You’d think spy cameras were only made ‘recently’, perhaps during the Cold War or WWII. But a young Norwegian student’s photo collection shows that these devices were already in use in the late 1800s!
In 1893, Carl Størmer (1874-1957) was taking up mathematics at the Royal Frederick University (now, University of Oslo) when he bought his first hidden camera: a C.P Stirn Concealed Vest Spy Camera.
“It was a round flat canister hidden under the vest with the lens sticking out through a buttonhole,” Størmer told St. Hallvard Journal in 1942. “Under my clothes I had a string down through a hole in my trouser pocket, and when I pulled the string the camera took a photo.”
He initially bought the item to discreetly take pics of his crush, but eventually moved on to capturing images of other subjects. The collection, which has close to 500 photos, shows different people casually walking down the street, responding to Størmer’s greetings right as he secretly takes their pic.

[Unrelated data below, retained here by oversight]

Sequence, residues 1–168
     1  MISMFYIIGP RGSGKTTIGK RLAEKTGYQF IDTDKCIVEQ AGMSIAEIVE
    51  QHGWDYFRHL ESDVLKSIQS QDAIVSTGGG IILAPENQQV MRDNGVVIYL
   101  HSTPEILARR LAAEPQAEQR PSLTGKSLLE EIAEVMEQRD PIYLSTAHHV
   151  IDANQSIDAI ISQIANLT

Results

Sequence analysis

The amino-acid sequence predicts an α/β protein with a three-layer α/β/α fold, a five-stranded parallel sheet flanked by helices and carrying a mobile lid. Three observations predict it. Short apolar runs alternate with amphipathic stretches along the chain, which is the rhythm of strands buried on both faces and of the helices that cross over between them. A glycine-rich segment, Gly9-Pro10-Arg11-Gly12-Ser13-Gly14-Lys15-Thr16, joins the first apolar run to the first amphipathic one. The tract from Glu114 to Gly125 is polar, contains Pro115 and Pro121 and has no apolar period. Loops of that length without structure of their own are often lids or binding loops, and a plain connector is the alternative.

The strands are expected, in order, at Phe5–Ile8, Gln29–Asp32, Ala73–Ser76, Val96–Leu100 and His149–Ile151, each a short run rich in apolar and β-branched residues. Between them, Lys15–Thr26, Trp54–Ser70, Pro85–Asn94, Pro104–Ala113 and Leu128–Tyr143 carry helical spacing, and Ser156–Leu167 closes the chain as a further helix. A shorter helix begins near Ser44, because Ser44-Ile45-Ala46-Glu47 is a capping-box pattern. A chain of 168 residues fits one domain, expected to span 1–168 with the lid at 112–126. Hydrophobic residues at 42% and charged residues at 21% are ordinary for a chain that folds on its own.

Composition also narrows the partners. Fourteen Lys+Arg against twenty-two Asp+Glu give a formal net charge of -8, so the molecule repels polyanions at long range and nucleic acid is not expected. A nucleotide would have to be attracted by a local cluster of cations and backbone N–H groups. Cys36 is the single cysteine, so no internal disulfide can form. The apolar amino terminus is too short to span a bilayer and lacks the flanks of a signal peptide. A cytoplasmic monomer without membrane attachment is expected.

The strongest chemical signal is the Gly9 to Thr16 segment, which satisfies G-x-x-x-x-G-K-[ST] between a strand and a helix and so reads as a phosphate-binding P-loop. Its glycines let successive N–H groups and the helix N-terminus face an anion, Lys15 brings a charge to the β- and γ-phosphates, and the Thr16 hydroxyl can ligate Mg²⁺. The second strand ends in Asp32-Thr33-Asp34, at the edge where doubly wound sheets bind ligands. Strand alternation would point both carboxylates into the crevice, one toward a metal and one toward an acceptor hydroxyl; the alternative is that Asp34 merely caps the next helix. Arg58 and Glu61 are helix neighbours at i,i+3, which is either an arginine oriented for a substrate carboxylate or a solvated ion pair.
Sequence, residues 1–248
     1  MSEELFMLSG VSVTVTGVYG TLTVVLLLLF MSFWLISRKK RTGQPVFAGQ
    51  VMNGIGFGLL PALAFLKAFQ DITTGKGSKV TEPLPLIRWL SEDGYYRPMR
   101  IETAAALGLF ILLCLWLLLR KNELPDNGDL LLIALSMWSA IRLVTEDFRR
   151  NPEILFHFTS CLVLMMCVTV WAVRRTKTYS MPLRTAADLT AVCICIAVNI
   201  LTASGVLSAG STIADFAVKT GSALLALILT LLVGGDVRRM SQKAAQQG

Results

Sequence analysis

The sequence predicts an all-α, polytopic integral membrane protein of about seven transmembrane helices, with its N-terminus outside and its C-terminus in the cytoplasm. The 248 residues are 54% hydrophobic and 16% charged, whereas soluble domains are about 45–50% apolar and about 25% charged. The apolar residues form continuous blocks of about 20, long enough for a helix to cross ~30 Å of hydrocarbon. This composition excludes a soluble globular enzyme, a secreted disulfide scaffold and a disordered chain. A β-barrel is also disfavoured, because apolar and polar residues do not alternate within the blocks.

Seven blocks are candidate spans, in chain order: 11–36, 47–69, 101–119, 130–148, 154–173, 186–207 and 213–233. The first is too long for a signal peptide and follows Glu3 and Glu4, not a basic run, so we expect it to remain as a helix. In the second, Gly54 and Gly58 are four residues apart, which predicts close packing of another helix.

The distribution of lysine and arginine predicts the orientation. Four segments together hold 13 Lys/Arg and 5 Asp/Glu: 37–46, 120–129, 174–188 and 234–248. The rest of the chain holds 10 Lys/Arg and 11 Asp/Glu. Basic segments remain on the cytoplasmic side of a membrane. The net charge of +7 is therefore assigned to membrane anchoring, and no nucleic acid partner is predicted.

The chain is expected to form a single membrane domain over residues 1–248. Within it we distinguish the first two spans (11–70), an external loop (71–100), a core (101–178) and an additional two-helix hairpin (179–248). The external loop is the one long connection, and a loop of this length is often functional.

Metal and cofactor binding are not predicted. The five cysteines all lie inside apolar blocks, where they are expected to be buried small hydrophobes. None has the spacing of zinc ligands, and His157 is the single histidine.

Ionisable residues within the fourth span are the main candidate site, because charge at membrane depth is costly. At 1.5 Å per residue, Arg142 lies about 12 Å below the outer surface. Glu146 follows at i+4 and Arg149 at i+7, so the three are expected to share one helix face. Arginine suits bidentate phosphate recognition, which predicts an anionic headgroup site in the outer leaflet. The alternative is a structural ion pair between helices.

“I strolled down Carl Johan, found me a victim, greeted, got a gentle smile and pulled,” he said. “Six images at a time and then I went home to switch [the] plate.”
Basically, that makes him one of the world’s first street photographers.
The images of these passers-by in their natural state offer a refreshing look at daily life during the period. Often, if not always, the photos we see of people then feature strict poses and serious expressions against decorative backdrops.
You can see more of Størmer’s work over at the Norwegian Folkmuseum.
Via Bored Panda